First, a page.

The flow of data is similar to Feedforward artificial neural networks, but each node will retain information needed to improve each step. Because of this, models can better understand the context of an input and refine the prediction of an output. For example, a predictive text system may use memory of a previous word in a string of words to better predict the outcome of the next word. A recurrent artificial neural network would be better suited to understand the sentiment behind a whole sentence compared to more traditional machine learning models.
Recurrent neural networks are also used within sequence to sequence models, which are used for natural language processing. Two recurrent neural networks are used within these models, which consists of a simultaneous encoder and decoder. These models are used for reactive chatbots, translating language, or to summarise documents.
Modular neural networks
A Modular artificial neural network consists of a series of networks or components that work together (though independently) to achieve a task. A complex task can therefore be broken down into smaller components. If applied to data processing or the computing process, the speed of the processing will be increased as smaller components can work in tandem.
Each component network is performing a different subtask which when combined completes the overall tasks and output. This type of artificial neural network is beneficial as it can make complex processes more efficient, and can be applied to a range of environments.
Challenges of artificial neural network models
Although there is huge potential for leveraging artificial neural networks in machine learning, the approach comes with some challenges. Models are complex, and it can be difficult to explain the reasoning behind a decision in what in many cases is a black box operation. This makes the issue of explainability a significant challenge and consideration.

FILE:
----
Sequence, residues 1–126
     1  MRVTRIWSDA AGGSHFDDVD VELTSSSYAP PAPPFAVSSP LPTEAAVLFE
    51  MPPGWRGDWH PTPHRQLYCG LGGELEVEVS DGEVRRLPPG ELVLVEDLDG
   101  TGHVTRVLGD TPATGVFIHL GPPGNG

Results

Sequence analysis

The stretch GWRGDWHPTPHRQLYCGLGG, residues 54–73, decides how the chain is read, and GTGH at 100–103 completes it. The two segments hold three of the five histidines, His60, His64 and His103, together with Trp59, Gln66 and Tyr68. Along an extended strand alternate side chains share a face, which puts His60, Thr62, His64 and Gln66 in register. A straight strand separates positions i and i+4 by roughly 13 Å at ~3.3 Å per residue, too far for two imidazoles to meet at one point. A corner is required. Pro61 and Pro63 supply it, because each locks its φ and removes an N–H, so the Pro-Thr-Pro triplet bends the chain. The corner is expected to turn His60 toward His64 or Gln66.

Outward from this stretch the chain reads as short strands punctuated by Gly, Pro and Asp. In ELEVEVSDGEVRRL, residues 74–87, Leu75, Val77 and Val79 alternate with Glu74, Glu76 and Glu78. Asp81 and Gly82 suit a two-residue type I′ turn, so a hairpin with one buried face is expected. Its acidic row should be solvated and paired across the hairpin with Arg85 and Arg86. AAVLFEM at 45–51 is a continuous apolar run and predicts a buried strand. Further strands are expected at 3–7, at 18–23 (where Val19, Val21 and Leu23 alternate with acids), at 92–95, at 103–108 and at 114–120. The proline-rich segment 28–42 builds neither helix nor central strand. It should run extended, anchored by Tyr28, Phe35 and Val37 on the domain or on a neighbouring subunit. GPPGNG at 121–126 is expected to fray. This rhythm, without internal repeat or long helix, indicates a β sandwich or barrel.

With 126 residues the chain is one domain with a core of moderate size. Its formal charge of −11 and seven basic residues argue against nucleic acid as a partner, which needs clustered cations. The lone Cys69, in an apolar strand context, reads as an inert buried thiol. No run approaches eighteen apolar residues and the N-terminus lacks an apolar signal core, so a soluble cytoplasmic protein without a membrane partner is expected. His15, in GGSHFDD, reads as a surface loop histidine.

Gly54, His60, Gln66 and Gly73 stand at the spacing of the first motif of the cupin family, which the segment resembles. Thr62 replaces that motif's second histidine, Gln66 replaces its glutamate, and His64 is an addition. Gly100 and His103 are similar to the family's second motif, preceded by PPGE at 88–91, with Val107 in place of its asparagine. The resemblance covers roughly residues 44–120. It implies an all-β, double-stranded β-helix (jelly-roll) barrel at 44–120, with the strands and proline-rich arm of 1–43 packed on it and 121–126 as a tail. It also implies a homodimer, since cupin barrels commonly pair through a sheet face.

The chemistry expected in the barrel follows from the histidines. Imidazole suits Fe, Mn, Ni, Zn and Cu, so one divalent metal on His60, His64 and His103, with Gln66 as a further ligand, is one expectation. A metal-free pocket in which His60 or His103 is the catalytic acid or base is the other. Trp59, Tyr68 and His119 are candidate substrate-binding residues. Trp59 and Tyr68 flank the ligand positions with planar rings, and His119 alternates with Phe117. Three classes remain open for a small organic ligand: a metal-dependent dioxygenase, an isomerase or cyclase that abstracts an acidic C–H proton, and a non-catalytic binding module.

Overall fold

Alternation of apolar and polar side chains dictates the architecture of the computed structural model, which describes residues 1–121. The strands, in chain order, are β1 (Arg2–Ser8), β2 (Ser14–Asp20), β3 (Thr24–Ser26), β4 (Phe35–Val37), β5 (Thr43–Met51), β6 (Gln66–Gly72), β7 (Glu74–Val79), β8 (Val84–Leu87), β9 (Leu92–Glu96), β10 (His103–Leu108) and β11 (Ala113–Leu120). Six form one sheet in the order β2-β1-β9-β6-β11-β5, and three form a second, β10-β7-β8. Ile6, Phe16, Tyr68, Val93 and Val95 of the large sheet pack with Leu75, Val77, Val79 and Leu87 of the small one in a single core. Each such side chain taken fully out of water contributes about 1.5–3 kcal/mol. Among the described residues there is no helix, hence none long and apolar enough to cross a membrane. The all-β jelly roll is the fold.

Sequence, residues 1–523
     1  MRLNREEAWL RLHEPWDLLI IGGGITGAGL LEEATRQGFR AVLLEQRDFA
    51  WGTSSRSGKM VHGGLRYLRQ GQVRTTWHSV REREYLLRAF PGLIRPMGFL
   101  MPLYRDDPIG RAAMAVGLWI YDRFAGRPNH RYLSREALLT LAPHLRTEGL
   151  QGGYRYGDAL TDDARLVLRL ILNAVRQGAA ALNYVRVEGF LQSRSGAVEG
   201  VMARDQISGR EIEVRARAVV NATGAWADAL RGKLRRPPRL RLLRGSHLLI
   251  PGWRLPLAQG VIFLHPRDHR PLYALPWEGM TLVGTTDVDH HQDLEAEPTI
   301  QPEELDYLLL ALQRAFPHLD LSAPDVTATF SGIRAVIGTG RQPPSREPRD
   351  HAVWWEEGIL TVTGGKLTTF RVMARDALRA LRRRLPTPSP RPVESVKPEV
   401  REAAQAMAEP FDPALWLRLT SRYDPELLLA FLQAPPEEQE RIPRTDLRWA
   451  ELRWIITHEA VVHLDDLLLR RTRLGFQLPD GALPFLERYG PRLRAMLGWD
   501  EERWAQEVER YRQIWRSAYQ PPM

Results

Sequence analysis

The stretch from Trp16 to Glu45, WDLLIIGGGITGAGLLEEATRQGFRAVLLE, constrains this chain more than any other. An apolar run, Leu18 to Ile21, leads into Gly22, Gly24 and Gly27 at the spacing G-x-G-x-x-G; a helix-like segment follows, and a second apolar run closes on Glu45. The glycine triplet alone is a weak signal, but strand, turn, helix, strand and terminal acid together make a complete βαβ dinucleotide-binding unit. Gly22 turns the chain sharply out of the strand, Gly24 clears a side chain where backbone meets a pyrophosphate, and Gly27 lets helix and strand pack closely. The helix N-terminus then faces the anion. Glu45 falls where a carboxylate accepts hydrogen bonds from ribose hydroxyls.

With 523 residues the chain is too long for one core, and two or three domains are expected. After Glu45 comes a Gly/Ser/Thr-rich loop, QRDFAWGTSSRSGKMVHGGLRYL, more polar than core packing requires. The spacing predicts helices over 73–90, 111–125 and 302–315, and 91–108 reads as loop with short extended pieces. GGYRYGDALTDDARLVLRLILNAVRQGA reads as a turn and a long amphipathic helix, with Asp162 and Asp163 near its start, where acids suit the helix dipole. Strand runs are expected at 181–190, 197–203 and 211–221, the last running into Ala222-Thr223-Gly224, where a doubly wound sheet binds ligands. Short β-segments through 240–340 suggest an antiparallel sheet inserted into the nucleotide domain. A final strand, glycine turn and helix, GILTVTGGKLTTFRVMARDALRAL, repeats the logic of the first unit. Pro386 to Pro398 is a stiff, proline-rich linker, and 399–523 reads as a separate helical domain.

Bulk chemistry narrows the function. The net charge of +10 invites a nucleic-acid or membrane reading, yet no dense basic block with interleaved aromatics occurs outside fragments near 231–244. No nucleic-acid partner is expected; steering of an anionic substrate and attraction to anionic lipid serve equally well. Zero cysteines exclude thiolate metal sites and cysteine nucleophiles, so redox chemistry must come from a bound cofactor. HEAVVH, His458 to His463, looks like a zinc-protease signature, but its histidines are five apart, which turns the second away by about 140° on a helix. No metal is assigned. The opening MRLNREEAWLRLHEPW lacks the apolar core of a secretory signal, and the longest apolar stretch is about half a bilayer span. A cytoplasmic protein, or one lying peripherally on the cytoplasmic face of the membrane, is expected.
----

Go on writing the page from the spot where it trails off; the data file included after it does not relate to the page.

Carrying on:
With all types of machine learning models, the accuracy of the final model depends heavily on the quantity and quality of training data available. A model built with an artificial neural network needs even more data and resources to train than a traditional machine learning model. This means millions of data points in contrast to the hundreds of thousands needed by a traditional machine learning model.
The most complex artificial neural networks are often referred to as deep neural networks, referencing the multi-layered network architecture. Deep learning models are usually trained using labelled training data, which is data with a defined input and output. This is known as supervised machine learning, unlike unsupervised machine learning which uses unlabelled, raw training data. The model will learn the features and patterns within the labelled training data, and learn to perform an intended task through the examples in the training data. Artificial neural networks need a huge amount of training data, more so then more traditional machine learning algorithms. This is in the realm of big data, so many millions of data points may be required.
The need for such a large array of labelled, quality data is a limiting factor to being able to develop artificial neural network models. Organisations are therefore limited to those that have access to the required big data. The most powerful artificial neural network models have complex, multi-layered architecture. These models require a huge amount of resources and power to process datasets. This requires powerful, resource-intensive GPU units and system architecture. Again, the level of resources required is a limiting factor and challenge for organisations.
The method of transfer learning is often used to lower the resource intensity. In this process, existing knowledge from other models and existing artificial neural networks can be transferred or adapted when developing a new model. This streamlines development as models aren’t built from scratch each time, but can be built from elements of existing models.